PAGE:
Many, many years ago, before the building of the great city of Chan Chan, or the hidden mountain temples; before the grand pyramids of the Sun and Moon, there lived a man called Chancay.
Early one morning, Chancay left his stone village in search of a new place to fish. He followed the sound of a waterfall, hidden in the mists, until he came to a silver pool nestled in dark, slippery boulders. The instant Chancay cast his net into the icy waters, he felt the heavy tug of a large, struggling creature. Chancay strained with all his might and pulled his net to the surface. There, to his astonishment, was an enormous fish of many brilliant colors.
The strangeness and beauty of the creature caught Chancay by surprise. “This thing is far too beautiful to be killed and eaten,” Chancay said aloud. “Even though I am hungry, I will let this fish go.” And Chancay opened the net so the fish could escape.
Then the fish rose from the water, sat on a square rock, and spoke to Chancay. “I am Tambo, a Spirit of Father Earth. Because you have shown the kindness of your soul, I will give you one favor. Tell me what you would like.”
“I seek nothing for myself,” replied Chancay, when he had found his voice, “but my people suffer from the cold, and are afraid in the night's blackness.”
“You need the gift of fire,” said Tambo, “to warm your stone houses, to cook your food, and to light your way when the sun sleeps beyond the sea.”
“How can we find this fire?” asked Chancay.
Tambo said, “It is a secret to be learned, and a secret to be earned. Are you ready for such a task?”
“I am,” said Chancay. “What must I do?”
“There will be a great storm tomorrow,” Tambo replied. “You must climb to the highest peak and hold a basin laden with stones above your head.” Then he slipped from the rock and vanished beneath the waters.
The next day, Chancay labored to the top of the highest peak, carrying the heavy basin. Angry clouds gathered as thunder rumbled and echoed through the valleys. Finally, Chancay stood, struggling to lift his burden against the cutting winds and freezing rains. “I have come from Tambo,” he cried. “Please give me the secret of fire.”
Just as he said these words, a great flash of lightning broke from the clouds and shattered the bowl in Chancay’s hands. Wearily, he made his way down the mountain, battered and disappointed.
The next day Chancay went to the silver pool. “You have tricked me, Tambo!” he cried into the water. “I could not capture the lightning.” Tambo lifted his head from the pool. “I already know you are kind,” he said, “but that will not be enough for the task you have before you. Now you have proved that you are also strong.”
“Very well,” said Chancay. “What must I do next?”
“Put your face to the south wind,” Tambo said, “and walk four days. There you will find a fire at your feet.” And once again, Tambo vanished in rings of silver ripples. So Chancay filled a sack with sweet potatoes to eat, wrapped a blanket of llama wool around his shoulders, and set off into the south wind.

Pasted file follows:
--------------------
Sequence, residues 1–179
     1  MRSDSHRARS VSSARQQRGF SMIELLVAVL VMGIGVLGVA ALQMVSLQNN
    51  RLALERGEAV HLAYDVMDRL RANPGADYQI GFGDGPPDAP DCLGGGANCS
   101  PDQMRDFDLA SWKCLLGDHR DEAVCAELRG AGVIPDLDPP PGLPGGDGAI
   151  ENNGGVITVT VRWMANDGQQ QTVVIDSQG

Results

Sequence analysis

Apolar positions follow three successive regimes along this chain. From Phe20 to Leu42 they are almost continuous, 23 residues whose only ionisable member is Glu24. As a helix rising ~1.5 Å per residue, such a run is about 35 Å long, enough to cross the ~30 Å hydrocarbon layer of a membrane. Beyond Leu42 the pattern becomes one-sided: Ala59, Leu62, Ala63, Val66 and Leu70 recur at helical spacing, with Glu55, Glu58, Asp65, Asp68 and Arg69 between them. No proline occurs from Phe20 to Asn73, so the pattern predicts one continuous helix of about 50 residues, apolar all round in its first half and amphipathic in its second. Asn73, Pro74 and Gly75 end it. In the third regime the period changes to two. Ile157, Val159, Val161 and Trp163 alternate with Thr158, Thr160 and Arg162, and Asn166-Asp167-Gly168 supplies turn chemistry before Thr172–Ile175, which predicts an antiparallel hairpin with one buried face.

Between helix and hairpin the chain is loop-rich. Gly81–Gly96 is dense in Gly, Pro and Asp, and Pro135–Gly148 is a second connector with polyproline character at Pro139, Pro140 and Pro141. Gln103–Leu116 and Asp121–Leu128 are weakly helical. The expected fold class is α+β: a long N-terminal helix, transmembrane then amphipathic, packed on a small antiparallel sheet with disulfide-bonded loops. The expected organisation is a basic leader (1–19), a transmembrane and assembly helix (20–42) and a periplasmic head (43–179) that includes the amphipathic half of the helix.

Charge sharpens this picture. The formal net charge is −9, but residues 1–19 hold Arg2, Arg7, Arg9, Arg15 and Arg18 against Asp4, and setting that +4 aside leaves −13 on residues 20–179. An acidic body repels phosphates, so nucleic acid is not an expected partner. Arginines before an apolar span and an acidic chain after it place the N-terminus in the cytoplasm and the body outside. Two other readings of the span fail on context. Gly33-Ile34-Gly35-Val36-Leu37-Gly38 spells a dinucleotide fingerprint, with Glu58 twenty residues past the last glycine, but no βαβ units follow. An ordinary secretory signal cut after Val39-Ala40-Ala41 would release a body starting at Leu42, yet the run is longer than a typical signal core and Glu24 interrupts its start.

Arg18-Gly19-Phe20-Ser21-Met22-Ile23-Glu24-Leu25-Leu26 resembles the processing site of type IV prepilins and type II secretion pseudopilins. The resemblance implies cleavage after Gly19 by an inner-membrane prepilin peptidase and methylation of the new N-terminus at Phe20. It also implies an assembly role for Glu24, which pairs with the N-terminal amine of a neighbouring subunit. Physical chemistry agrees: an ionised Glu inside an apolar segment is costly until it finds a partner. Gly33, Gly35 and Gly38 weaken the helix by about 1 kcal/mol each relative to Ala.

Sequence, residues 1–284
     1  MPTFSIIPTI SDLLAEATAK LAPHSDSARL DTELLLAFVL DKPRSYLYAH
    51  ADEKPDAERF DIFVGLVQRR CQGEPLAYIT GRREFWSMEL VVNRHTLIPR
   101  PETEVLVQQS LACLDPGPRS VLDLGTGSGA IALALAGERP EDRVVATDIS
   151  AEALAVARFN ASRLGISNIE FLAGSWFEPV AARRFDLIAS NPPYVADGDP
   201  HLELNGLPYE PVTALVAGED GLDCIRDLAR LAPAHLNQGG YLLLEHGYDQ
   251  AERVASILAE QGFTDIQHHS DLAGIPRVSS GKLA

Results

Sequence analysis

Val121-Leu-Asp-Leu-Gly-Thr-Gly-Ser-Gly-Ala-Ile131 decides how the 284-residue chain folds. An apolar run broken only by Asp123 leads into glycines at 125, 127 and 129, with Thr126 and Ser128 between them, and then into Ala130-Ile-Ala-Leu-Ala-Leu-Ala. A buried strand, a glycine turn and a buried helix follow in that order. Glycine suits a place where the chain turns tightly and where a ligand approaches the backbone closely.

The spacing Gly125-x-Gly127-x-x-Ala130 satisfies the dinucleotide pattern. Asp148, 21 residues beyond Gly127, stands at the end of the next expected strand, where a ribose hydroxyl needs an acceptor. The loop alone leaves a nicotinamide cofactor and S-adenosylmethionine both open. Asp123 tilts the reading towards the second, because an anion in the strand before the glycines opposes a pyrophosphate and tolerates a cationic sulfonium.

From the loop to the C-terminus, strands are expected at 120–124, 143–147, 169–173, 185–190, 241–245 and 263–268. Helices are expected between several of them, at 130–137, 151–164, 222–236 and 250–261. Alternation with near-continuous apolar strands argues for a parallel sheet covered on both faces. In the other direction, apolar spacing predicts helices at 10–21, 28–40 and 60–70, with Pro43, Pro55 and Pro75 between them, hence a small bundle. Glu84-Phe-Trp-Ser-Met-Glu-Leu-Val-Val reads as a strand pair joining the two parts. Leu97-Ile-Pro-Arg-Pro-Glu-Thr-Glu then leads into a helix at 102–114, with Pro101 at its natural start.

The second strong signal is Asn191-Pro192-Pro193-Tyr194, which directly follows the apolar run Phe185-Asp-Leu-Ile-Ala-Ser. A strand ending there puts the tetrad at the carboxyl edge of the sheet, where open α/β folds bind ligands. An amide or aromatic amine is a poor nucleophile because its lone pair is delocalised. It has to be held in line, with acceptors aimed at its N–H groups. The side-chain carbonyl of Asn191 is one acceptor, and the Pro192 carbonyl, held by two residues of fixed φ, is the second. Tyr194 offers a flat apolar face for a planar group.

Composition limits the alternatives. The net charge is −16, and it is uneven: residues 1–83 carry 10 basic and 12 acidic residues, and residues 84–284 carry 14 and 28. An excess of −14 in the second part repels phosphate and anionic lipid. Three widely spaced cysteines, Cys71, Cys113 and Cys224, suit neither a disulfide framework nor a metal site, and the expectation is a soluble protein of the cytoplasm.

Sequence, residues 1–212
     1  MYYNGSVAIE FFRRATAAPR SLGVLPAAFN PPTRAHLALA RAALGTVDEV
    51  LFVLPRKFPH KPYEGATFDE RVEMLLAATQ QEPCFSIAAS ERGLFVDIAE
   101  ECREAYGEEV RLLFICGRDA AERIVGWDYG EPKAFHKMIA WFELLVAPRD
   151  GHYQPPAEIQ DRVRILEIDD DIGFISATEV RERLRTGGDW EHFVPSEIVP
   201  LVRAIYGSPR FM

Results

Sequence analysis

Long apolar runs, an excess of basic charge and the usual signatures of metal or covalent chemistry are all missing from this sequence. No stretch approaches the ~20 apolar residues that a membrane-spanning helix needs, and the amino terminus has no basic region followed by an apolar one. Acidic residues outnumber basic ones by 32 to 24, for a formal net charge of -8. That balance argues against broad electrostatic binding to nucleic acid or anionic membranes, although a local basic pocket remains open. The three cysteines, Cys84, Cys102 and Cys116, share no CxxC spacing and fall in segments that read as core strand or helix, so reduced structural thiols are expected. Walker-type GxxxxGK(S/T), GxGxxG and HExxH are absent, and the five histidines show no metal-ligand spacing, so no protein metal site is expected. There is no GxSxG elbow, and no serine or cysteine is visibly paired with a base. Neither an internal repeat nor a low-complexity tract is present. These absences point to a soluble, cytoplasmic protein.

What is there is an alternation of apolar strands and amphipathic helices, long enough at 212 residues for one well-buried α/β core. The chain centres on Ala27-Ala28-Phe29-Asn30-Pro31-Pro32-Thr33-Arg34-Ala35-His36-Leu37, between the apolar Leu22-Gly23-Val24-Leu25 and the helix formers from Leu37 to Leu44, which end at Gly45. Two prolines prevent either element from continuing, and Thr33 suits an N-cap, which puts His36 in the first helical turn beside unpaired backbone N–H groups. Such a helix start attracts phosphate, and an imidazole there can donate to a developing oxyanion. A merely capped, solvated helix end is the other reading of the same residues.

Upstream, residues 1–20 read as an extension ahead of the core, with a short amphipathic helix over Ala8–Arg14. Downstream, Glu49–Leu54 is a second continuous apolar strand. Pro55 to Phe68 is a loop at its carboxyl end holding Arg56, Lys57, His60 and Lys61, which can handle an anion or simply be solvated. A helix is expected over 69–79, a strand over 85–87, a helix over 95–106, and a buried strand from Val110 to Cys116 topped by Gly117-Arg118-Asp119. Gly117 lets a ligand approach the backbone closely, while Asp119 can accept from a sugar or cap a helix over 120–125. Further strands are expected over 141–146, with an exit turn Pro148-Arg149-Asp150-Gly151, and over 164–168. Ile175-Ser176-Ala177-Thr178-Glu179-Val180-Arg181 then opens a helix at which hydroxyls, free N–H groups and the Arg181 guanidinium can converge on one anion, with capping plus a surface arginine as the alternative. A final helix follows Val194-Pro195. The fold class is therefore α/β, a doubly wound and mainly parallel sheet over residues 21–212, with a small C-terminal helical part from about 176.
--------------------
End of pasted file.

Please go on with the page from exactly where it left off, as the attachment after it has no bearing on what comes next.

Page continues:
The first day, Chancay crossed a valley of stinging spiders, but he wrapped his feet and legs in reeds to avoid being bitten.
The second day, Chancay found himself in a rocky field of snakes, but he could fend them off with his walking stick.
The third day, Chancay climbed through a mountain pass filled with crouching pumas. He swung his ax around his head and made it safely to the next valley. At night, he huddled in a dark cave.
On the fourth day, Chancay came upon a smoldering crater in the ground. In the center of the crater, molten red rocks bubbled and hissed. At the edges, clouds of yellow steam drifted from the earth. Chancay picked up warm rocks at the edge of the crater, but they soon cooled in his hands. He leaned toward the fiery rocks at the center, but the fierce heat drove him back.
“Tambo has sent me on another fool’s errand,” he told himself as he turned to retrace his dangerous journey.
When he reached his own village, he found a condor sitting on his windowsill. “Tambo has sent me to lend you my wings,” the condor said. “You have now proved yourself brave, as well as strong and kind. You are ready to take the secret of fire from the Kingdom of the Sun and Moon.”
“Is this another trick?” demanded Chancay.
“Oh, no,” replied the condor. “My wings will carry you to where the Sun and Moon dwell above the sky. The Moon has a golden mirror in which she admires herself. You must steal the mirror and bring it back to Tambo.”
“What if I am caught by the Sun?” Chancay asked.
“Then you will be turned into a shower of sparks and cast forever into the night. Each of the stars is a soul who has tried to steal the secret of fire.”
Chancay took the condor’s wings and flew higher and higher, beyond the clouds, above the sky, to a bright golden temple where the Sun and Moon lived. In the great hall he hid behind a pillar and saw the Moon admiring her reflection in a shiny disk. He knew he must think of a clever plan if he would succeed where so many had failed.
Chancay knew that once a month the Moon did not appear in the sky, and he reasoned that on cloudy days, the Sun must also sleep. So, he waited patiently for many days and nights until, at last, the Sun and Moon were both asleep. Then he seized the golden mirror and flew to earth as swiftly as a falling stone.
Chancay flew straight to the silver pool and called for Tambo. “How do I use the Moon’s mirror?” he cried. “When the Sun wakes, he will be furious, and he will seek you out with one of his powerful rays,” said Tambo. “You must catch his rays in the mirror and direct them into a bundle of twigs and reeds.”
And so Chancay did, just as Tambo had told him, and the bundle of twigs and reeds burst into flame.
Now the people could keep warm, and to light their way in the dark. And ever since, the Sun continues to shine his searching rays on every corner of the land, and the Moon must be content admiring her reflection in lakes and rivers and the lonely sea.